Resilience in Nicaragua: Impact evaluation of climate change adaptation among small scale producers | Agriculture | Ecological Resilience

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This evaluation is presented as part of the Effectiveness Review Series 2014/15, selected for review under the resilience thematic area. The report documents the findings of a quasi-experimental evaluation carried out in December 2014 that sought to assess the impact of the climate change adaptation among small scale producers project. The project was carried about by Oxfam in partnership with the Centro para la Promoción, la Investigación y el Desarrollo Rural y Social (CIPRES) in the department of Chinandega between January 2011 and October 2013. This project aimed to improve small producers’ understanding of and ability to adapt to climate change, especially by providing training and inputs to improve seed selection, grain storage and livestock management, and to encourage protection of the local environment. In its later stages, the project also helped direct participants share their learning with other cooperative members and their neighbours. For more information, the data for this effectiveness review is available through the UK Data Service. Read more about the Oxfam Effectiveness Reviews.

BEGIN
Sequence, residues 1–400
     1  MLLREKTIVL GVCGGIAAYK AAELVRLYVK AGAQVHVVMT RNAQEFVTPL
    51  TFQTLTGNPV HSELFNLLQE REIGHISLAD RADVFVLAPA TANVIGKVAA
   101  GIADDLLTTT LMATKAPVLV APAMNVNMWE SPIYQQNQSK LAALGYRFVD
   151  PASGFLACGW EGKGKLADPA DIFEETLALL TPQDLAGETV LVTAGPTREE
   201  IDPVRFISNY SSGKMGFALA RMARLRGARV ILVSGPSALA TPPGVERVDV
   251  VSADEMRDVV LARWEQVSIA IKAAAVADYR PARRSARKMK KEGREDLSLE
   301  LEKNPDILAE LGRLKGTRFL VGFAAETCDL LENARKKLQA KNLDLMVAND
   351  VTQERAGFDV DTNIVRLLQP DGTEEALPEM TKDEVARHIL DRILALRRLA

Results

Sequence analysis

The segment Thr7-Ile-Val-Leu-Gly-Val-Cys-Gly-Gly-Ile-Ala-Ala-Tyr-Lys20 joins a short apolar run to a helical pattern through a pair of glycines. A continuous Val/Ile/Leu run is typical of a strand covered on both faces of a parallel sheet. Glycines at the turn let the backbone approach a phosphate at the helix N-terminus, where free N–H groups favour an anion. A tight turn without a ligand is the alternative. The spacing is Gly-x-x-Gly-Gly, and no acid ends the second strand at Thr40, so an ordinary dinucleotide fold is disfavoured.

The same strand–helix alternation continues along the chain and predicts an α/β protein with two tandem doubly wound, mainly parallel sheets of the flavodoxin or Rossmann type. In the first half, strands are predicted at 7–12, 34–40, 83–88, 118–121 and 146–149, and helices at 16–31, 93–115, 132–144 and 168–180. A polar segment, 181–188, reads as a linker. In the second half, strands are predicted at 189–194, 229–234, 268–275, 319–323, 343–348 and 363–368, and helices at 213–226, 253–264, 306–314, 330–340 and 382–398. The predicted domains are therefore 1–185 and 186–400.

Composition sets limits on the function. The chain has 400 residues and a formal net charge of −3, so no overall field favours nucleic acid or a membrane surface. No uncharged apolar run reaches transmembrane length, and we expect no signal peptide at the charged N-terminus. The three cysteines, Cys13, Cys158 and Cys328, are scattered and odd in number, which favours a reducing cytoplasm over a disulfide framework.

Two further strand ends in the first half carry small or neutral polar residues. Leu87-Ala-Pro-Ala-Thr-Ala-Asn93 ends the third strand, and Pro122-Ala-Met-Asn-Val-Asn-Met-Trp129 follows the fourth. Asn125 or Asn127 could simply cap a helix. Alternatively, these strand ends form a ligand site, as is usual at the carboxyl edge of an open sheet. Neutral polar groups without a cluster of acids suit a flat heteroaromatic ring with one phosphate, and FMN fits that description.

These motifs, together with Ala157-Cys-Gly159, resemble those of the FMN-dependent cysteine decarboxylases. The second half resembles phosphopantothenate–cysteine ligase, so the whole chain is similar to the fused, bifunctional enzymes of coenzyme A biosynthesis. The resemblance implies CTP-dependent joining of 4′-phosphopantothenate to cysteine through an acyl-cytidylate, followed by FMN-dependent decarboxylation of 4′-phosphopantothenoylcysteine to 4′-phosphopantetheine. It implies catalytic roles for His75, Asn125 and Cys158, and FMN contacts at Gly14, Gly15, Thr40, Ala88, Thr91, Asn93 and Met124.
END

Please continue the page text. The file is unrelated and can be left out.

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  EFFECTIVENESS REVIEW SERIES ‘enhancing effectiveness through evidence-based learning’  EFFECTIVENESS REVIEW SERIES 2014/15: AFGHANISTAN BANGLADESH CAMBODIA CENTRAL AFRICAN REPUBLICCHAD ETHIOPIA LEBANON NICARAGUA PAKISTAN PHILIPPINES PHILIPPINES (humanitarian) POLICY & PRACTICE WEBSITE SOMALIA SOUTH SUDAN   TANZANIA THAILAND UGANDA YEMEN This project arose from a concern that the impact of climate change on rural livelihoods in the north-west of Nicaragua was becoming more severe, with increased patterns of irregular rainfall and prolonged dry seasons leading to soil degradation, the emergence of new crop diseases, and food crises. The project aimed to improve small producers’ understanding of and ability to adapt to climate change, in the department of Chinandega. Project activities were implemented by Oxfam in partnership with the Centro para la Promoción, la Investigación y el Desarrollo Rural y Social (CIPRES). Project participants – almost all of whom were women in producer cooperatives – received a programme of support, including training on improved techniques for crop production and soil management, on the selection and storage of seeds, on livestock management, and on protection of the local environment. Project participants were also provided with seeds and tools, as well as metal silos for grain storage, biodigesters, and ecological latrines, to further support experimentation and adaptation in productive activities. In its later stages, the project encouraged direct participants to share their learning with other cooperative members and their neighbours. Climate change adaptation among small scale producers Project date: January 2011 – October 2013Evaluation: December 2014Publication: December 2015 Resilience Nicaragua2014/15 Map of Nicaragua. Chinandega where project activities were implemented and the Effectiveness Review was conducted, is indicated in red.  Results Evaluation Method Full version of this report and more information can be found at Oxfam’s Policy and Practice website: www.oxfam.org.uk/effectiveness For more information, contact Oxfam’s Programme Quality Team - ppat@oxfam.org.uk The review sought to evaluate the impact that the project had on both direct project participants, and on other women members of the same local cooperatives (indirect beneciaries). Considering the indirect beneciaries allowed the review to assess whether the project created ‘spillover’ effects. A ‘quasi-experimental’ evaluation design was used whereby data from interviews with both direct and indirect beneciary households, and with households from nearby communities who had not been supported by the project, were analysed using propensity-score matching and multivariate regression. See the document ‘How are effectiveness reviews carried out?’ for more information on evaluation design. Full details about the specic evaluation design used in this case are contained in the full report of the Effectiveness Review. Going forward The main learning points from the review will be incorporated into current and future projects in Nicaragua. Learning related to women’s empowerment, local advocacy and risk management will be applied to a current project that strengthens livelihoods for food security and climate change adaptation. The results of the review will also be shared with Oxfam staff and partners involved in the Alternative Rural Economy programme, to improve future interventions. Building resilience necessitates a ‘systems thinking’ approach that works at different levels and with multiple focuses/actions, so new projects will explicitly adopt this framework during the design phase. In particular, the review revealed the need to improve strategies for indirect outcomes, especially by establishing partners in local surroundings, and improving access to other resources and capacities. This may affect Oxfam’s role in similar projects, in terms of the overall balance between technical assistance and forging relations with external actors. The review also identied how to develop aspects of women’s empowerment alongside resilience, demonstrating that issues such as workload, leadership, decision-making and control over nancial resources should be addressed at both the household and the system/organisation level. Finally, the review motivated future assessments of similar projects to help identify, design and implement the specic strategies that should be incorporated into future projects, particularly with regard to partners, the sustainability of outcomes, and women’s empowerment. Photo credit: Javier Mondragón/Nueva LUZ   Evidence of positive impact on: Commentary Livelihood viability Project outcome Main evidence of impact on crop diversication and improved agricultural practices, among both direct project participants and other cooperative members.Innovation potential Direct project participants had improved understanding of climate change and were more likely to adopt new practices or initiatives, but spillovers to the other cooperative members were limited. Access to contingency resources and supportNo evidence of change in savings, access to remittances or state support, or grain storage, even though the latter was directly connected to the project logic. YesNoNo Integrity of natural and built environmentEvidence among both direct project participants and other cooperative members of increased tree planting.Social and institutional capabilityStrong evidence of increased involvement in risk management and emergency preparedness committees as well as knowledge of risk management plan for both direct project participants and other cooperative members.  Agricultural activities Evidence that the project increased the amount of land households devoted to kitchen gardens and forest-pasture. Also increased use of organic fertilisers and crop rotation/mulching practices. YesYesMixedDietary diversity Evidence of increased consumption of fruit and vegetables. YesDirect project participants?Other cooperative members?YesYesNoYesYesMixedYesWomen’s empowerment Limited evidence that direct project participants were more involved in decisions around agricultural practices, but no evidence that women were more empowered over nancial issues. No evidence that women’s time use was affected by the project. NoVery limitedYes Linked to project logic YesYesNoResilience